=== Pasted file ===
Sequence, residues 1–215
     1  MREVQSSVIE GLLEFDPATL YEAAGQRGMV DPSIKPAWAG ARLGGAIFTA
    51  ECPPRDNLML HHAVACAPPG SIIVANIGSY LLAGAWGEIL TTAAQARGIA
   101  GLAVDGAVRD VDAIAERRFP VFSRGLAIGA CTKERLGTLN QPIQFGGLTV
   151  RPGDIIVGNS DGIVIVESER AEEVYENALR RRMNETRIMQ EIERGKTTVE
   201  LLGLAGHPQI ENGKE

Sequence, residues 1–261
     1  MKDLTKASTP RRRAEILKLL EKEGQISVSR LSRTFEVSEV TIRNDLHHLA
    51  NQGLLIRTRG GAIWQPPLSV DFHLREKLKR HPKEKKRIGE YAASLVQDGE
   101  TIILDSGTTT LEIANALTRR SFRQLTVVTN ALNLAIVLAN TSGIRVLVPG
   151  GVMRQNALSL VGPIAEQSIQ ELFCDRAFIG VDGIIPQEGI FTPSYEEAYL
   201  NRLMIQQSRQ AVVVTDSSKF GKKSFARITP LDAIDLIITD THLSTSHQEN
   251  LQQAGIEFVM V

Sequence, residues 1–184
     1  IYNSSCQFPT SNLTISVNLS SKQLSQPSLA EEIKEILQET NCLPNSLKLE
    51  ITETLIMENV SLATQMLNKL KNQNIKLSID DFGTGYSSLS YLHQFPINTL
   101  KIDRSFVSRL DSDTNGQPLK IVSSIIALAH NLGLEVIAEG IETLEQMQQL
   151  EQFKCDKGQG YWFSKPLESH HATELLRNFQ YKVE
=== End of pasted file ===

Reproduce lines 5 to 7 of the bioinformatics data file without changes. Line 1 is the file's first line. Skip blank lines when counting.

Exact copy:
   151  RPGDIIVGNS DGIVIVESER AEEVYENALR RRMNETRIMQ EIERGKTTVE
   201  LLGLAGHPQI ENGKE

Sequence, residues 1–261